Friday, March 13, 2015

California National Marine Sanctuaries Double in Size

On March 12, 2015, the National Oceanic and Atmospheric Administration announced the approved expansion of both the Gulf of the Farallones National Marine Sanctuary and the Cordell Bank National Marine Sanctuary. Both sanctuaries will more than double in size, and together will protect an additional 2,800 square miles of critical marine and coastal waters. These sanctuaries, which are located along the north-central coast of California, harbor incredibly diverse and productive marine and coastal ecosystems that provide habitat for a diversity of species, as well as a variety of ecosystem services. View NOAA’s press release here.

This expansion is particularly timely given the current climate change adaptation project underway in the region. The Gulf of the Farallones National Marine Sanctuary, in partnership with EcoAdapt and other regional stakeholders, is engaged in a multi-year project aimed at assessing the Sanctuary’s climate change vulnerability and developing climate change adaptation strategies for focal resources. Deemed a “cutting-edge project that all National Marine Sanctuary sites will need to follow” by the National Marine Protected Area Center, the North-Central Coast and Ocean Climate-Smart Adaptation Project is tackling marine and coastal climate change issues in new and exciting ways.

EcoAdapt provided critical support during the Vulnerability Assessment phase of the project, and will continue to play a role in the Adaptation Planning phase with Lara Hansen serving as an adaptation advisor for the Sanctuary’s Adaptation Working group and Whitney Reynier providing technical expertise. Learn more about the project by:

  • Viewing the recent webinar, which gives a project overview, details the results from the vulnerability assessment, and explains the upcoming adaptation planning phase.
  • Visiting EcoAdapt’s Gulf of the Farallones project page.

-- Whitney

Wednesday, February 4, 2015

New study says people who don't believe in climate change don't like people who do, and vice versa

A new study from Nature Climate Change says people who don't believe in climate change don't like people who do, and vice versa!


Just when you thought there weren't enough opportunities for people to not get along, its turns out our belief in the cause of climate change is another. Interesting perspective that reminds us that very few wars have ever been fought over science. Although we do have a long history of beliefs resulting in repudiation of science we don't like because it affects the status quo--think round Earth, sun centered solar system, lead as a pervasive toxin in our environment, endocrine disruptors. Eventually we come around to science and make it part of our beliefs. The lesson may not be that we are in a culture war, but we are in phase of developing new beliefs based on a new understanding of reality. Hopefully we do it quickly.

- Lara

Monday, February 2, 2015

Climate Risk and Preparedness in Obama's 2016 Budget

Have you ever taken the time to consider how climate change might affect your work? 

How it might affect your investments? 


Carsten Tolkmit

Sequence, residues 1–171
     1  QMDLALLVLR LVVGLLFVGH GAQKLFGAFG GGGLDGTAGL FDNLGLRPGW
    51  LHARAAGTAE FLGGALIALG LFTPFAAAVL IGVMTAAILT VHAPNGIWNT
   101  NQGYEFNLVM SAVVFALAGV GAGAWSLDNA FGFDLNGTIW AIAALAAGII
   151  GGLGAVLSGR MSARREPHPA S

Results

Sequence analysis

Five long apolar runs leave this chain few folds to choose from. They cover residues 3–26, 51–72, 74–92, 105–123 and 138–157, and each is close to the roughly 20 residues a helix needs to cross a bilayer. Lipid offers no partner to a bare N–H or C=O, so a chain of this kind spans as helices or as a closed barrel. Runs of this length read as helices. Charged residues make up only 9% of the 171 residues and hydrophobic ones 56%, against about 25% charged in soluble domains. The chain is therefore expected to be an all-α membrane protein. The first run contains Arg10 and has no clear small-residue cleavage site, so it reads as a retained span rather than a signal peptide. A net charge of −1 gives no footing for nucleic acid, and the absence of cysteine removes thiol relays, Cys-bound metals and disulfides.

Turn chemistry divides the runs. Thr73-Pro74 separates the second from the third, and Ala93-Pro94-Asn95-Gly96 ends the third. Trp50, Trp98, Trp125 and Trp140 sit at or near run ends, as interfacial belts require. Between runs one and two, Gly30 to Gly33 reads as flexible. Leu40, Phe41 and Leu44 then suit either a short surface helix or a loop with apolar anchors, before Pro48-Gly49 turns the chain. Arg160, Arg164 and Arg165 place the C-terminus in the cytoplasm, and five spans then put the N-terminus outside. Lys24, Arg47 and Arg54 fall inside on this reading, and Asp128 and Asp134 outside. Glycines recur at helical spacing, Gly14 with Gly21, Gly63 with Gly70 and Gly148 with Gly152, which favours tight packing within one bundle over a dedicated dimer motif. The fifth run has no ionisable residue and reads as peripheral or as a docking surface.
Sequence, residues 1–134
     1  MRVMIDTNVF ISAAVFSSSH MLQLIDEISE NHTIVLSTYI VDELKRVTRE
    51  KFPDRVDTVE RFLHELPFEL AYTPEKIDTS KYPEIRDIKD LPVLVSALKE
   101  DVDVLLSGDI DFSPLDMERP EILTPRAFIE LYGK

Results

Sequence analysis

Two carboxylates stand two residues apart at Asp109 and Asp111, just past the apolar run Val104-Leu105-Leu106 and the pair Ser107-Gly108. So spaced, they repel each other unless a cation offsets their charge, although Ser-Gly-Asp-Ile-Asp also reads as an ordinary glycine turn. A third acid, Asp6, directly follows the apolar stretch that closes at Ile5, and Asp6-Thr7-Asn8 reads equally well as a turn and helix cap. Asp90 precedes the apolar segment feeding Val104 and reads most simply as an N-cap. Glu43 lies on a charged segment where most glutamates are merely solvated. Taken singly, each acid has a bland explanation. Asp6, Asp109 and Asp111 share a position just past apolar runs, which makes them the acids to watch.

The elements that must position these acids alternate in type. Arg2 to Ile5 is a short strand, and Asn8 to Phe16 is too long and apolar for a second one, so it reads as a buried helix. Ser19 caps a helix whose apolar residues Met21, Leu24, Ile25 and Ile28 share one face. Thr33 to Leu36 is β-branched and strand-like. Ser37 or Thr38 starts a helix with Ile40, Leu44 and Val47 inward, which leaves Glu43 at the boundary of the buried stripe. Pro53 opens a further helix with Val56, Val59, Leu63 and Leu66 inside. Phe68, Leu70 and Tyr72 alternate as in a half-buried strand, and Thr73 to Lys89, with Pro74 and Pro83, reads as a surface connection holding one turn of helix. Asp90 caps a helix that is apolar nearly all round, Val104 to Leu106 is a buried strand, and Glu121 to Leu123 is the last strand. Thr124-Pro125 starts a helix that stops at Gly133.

EcoAdapt asks people to do this everyday as part of our Awareness to Action workshops and trainings. But we were thrilled to see that the U.S. Government did this as part of the President’s budget! Check it out!

After you give it a read try it yourself. What projects did you work on today? Is climate change likely to affect any of them? How sound are your investments in that work?

If you’re stymied, EcoAdapt is happy to work with you to try and figure it out.

Tuesday, January 13, 2015

Ask President Obama to be more Climate Savvy in his next State of the Union

The White House is asking Americans to submit their ideas for the State of Union address. Today our Executive Director, Lara Hansen, submitted this:

"Now is the time to prepare for the future. We need to create an America that can sail boldly into the 21st century on a course for success. To do this we need to let go of the outdated technologies that limit our options and hinder our livelihoods, and embrace the opportunities that equip us for the future that lies ahead. This means recognizing that our climate is changing and that change will change our country. We have a choice:
  • continue to do what we've always done despite changing conditions, risking our culture, economy and well-being, or
  • boldly address those changes and advance the United States into the coming century with the benefit of health, security and happiness."
Share your own ideas about the State of the Union here: http://click.mail.whitehouse.gov/?qs=54d6e44aec52ae0d56493c59b87327170045f368b0d373c4eec896154a1e1649c6dd27ea97c140cd

Monday, November 24, 2014

California's Getting Creative on Adapting to Drought


LA State Historic Park
California cities are typically “designed…on the promise of nearly endless water,” but with much of the state facing recurrent and severe drought conditions, it may be time to start thinking adaptation.

KQED Science, a program of National Public Radio (NPR), recently covered different methods of creating drought-adapted Californian cities. Some ideas are well-known and have already been implemented with high success, including investing in drought-tolerant landscaping to reduce water use, and installing green infrastructure and water entrapment features (e.g., bioswales and rain barrels) to capture what little precipitation does fall. Other ideas trend to the futuristic, including multi-function buildings that harvest water from fog and are adapted to survive inundation from sea level rise.

Check out the article to learn more about the hot (no pun intended) topics of water efficiency and protecting and enhancing local water provisioning sources!

- Whitney